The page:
Monday, September 26, 2011

River Steamer Vallette -- September 26, 2011

From the 18-August-1901 San Francisco Call. William A Coulter did many maritime drawings for the newspaper. Click on the image for a larger view.  Read Frank Norris' novel The Octopus to learn more about disputes between valley farmers and the Southern Pacific Railroad.  


First of a Fleet of River Steamers Which Will Carry Grain From
Upper Sacramento to Tidewater Almost Completed.

The farmers cf the upper Sacramento have thrown down the gauntlet to the Southern Pacific, and it now remains to be seen whether or not a cut in railroad rates on grain will result. The stern-wheel eteamer Vallette being built for the Farmers' Transportation Company is now so near to completion that her owners exp«ct to put her in commission this week. She is intended for the San Francisco and Colusa grain trade and is 176 feet long, 38 feet beam and 9 feet deep.  She will carry 7000 sacks of grain on a 3 foot 10 Inch draft, and will therefore be able to navigate the upper Sacramento at any time of the year. The Vallette came down from Benida yesterday and docked at Mission-street wharf. She is now receiving her finishing touches and will start on her maiden run about Saturday next.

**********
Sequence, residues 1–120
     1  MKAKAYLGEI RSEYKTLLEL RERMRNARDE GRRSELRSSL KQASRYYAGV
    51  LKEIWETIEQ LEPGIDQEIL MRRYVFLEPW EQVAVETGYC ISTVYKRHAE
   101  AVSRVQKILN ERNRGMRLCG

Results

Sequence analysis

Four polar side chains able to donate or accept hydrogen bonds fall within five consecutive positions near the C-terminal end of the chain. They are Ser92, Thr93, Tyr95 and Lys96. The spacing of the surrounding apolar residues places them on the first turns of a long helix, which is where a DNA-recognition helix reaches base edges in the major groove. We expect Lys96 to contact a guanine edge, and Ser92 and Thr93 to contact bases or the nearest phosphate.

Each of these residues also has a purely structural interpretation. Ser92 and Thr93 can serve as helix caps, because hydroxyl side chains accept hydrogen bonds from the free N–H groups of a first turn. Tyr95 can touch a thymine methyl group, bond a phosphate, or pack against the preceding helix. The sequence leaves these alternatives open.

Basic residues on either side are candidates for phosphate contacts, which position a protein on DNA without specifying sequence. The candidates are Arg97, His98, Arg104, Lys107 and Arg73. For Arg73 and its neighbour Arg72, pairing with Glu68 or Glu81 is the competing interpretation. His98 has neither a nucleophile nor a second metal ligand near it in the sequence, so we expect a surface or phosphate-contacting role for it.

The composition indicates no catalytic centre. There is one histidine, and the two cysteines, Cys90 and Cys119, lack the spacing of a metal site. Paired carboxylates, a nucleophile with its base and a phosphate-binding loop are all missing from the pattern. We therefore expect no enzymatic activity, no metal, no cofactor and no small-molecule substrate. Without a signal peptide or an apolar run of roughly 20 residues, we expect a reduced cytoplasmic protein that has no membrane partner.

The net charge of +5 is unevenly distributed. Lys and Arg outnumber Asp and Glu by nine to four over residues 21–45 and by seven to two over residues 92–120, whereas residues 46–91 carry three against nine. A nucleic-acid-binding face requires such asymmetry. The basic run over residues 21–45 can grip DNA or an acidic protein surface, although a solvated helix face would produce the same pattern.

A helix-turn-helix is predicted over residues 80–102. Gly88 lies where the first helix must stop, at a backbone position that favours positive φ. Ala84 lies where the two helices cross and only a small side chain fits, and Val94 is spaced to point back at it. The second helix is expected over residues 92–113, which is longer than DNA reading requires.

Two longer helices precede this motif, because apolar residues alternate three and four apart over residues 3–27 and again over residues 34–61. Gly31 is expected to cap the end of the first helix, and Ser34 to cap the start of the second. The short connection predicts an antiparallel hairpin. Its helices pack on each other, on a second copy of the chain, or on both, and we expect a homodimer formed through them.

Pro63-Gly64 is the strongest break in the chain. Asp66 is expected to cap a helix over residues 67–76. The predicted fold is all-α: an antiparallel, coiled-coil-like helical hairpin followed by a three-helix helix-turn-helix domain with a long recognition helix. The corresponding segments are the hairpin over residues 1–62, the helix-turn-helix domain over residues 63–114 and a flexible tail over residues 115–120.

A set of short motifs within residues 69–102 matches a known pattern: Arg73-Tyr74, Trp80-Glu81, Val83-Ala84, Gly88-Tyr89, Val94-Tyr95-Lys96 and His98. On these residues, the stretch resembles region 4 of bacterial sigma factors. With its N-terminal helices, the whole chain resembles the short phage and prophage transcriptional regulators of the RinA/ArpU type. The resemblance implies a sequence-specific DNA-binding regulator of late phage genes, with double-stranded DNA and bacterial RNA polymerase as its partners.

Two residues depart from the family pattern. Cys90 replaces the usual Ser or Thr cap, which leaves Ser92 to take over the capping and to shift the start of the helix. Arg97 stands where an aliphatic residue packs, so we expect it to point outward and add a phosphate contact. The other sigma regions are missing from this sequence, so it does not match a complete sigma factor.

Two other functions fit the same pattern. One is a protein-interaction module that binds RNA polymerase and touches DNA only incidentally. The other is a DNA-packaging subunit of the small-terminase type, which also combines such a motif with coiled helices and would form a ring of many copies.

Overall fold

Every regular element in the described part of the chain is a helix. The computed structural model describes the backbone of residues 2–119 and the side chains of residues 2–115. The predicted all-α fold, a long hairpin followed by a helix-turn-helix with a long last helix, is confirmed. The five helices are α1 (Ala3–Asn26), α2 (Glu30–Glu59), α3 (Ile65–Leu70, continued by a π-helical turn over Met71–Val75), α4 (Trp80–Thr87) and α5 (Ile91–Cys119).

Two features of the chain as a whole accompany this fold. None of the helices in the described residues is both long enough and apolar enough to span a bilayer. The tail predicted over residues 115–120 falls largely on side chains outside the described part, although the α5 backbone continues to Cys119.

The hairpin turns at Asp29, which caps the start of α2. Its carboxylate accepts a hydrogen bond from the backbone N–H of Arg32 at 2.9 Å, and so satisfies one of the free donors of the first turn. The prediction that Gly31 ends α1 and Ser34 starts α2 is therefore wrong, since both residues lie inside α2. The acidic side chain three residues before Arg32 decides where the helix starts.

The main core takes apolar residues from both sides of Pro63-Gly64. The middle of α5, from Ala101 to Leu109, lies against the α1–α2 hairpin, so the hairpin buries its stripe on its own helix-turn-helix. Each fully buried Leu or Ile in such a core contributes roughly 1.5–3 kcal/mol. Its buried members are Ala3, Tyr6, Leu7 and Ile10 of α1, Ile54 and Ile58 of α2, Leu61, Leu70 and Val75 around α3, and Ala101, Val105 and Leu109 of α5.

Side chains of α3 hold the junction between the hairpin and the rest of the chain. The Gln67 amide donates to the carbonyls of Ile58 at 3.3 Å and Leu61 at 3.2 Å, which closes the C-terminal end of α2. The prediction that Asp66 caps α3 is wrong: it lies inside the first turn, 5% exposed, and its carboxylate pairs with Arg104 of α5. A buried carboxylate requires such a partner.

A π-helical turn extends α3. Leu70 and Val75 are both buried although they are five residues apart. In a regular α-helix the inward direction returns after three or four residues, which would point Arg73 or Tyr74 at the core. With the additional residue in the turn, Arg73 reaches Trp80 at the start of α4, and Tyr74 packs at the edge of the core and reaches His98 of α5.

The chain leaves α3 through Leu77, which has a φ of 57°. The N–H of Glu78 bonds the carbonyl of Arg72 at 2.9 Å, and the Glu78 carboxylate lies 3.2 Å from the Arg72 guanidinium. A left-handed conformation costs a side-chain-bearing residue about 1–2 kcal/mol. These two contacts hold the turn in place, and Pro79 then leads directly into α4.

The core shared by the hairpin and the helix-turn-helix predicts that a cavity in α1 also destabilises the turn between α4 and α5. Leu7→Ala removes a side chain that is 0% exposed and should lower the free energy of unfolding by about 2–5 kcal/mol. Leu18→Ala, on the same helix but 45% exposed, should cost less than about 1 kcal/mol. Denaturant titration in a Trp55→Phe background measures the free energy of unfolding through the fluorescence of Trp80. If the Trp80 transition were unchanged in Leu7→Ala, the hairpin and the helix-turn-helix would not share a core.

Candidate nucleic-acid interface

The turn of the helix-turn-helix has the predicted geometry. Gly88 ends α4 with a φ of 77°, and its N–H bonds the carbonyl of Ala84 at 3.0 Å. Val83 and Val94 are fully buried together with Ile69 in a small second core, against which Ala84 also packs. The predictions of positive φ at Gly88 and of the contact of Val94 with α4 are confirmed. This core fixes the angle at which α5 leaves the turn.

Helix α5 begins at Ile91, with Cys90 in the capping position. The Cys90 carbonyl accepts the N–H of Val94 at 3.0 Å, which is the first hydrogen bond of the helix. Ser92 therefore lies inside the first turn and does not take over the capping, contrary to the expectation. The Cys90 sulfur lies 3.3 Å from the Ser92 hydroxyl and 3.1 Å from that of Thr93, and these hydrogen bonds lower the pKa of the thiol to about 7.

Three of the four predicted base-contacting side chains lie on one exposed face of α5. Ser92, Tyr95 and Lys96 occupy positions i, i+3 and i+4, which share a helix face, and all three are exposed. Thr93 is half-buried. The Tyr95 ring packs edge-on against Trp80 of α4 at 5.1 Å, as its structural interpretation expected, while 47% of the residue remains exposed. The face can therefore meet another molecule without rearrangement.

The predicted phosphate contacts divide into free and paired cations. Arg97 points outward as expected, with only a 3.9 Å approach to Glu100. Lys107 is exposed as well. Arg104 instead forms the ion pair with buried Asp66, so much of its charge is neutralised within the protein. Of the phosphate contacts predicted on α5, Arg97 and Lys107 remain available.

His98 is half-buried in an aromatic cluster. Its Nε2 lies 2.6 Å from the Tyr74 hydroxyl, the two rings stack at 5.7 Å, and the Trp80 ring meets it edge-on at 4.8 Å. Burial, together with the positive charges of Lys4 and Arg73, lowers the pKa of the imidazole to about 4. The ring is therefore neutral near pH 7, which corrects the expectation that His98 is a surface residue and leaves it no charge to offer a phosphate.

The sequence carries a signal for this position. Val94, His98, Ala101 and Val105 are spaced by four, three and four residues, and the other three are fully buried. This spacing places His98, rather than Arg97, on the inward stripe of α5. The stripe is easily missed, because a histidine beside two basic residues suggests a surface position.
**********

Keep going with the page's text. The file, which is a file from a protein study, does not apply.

For many years the farmers around Colusa have protested at the rates charged by the railroad for transporting grain from the valley of the Sacramento to tide water. A few months ago a delegation from the Farmers' Association called upon the management of the railroad and received a most decided rebuff. Then an indignation meeting was held at Colusa and the Farmers' Transportation Company was formed. An order for a steamer was at once placed and the Vallette is now almost ready for the run.

Since then Hatch Bros., who ran the General Frisbie and the Monticello betvreen here and Vallejo, have been drawn irto the fight, and three steamers similar to the Vallette are to be built at once and will therefore be ready for next year's trade. The new steamers are not intended to carry passengers, but are specially designed to carry large loads of grain on a light draught.  With them the farmers »xpect to get their wheat to market for $1 a ten and at the same time receive a dividend each year from their investment in the steamers. The Vallette will have her trial trip during the week.  

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